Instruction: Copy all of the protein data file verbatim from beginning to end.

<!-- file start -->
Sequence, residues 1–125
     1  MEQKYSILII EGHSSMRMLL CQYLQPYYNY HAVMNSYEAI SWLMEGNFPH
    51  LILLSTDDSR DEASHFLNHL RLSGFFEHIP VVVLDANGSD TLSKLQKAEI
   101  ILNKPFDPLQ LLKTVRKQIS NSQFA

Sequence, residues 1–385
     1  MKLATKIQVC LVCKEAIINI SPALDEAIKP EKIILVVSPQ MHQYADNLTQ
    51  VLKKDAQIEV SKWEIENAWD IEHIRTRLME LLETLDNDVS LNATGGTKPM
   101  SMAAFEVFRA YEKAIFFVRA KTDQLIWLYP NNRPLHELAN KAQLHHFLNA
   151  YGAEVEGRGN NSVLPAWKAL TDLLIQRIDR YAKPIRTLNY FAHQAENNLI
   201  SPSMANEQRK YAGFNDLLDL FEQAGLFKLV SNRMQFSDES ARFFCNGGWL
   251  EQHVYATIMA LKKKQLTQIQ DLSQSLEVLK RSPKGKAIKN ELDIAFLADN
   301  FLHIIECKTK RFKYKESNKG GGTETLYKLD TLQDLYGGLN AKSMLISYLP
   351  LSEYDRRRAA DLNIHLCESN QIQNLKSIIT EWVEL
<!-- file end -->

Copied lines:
Sequence, residues 1–125
     1  MEQKYSILII EGHSSMRMLL CQYLQPYYNY HAVMNSYEAI SWLMEGNFPH
    51  LILLSTDDSR DEASHFLNHL RLSGFFEHIP VVVLDANGSD TLSKLQKAEI
   101  ILNKPFDPLQ LLKTVRKQIS NSQFA

Sequence, residues 1–385
     1  MKLATKIQVC LVCKEAIINI SPALDEAIKP EKIILVVSPQ MHQYADNLTQ
    51  VLKKDAQIEV SKWEIENAWD IEHIRTRLME LLETLDNDVS LNATGGTKPM
   101  SMAAFEVFRA YEKAIFFVRA KTDQLIWLYP NNRPLHELAN KAQLHHFLNA
   151  YGAEVEGRGN NSVLPAWKAL TDLLIQRIDR YAKPIRTLNY FAHQAENNLI
   201  SPSMANEQRK YAGFNDLLDL FEQAGLFKLV SNRMQFSDES ARFFCNGGWL
   251  EQHVYATIMA LKKKQLTQIQ DLSQSLEVLK RSPKGKAIKN ELDIAFLADN
   301  FLHIIECKTK RFKYKESNKG GGTETLYKLD TLQDLYGGLN AKSMLISYLP
   351  LSEYDRRRAA DLNIHLCESN QIQNLKSIIT EWVEL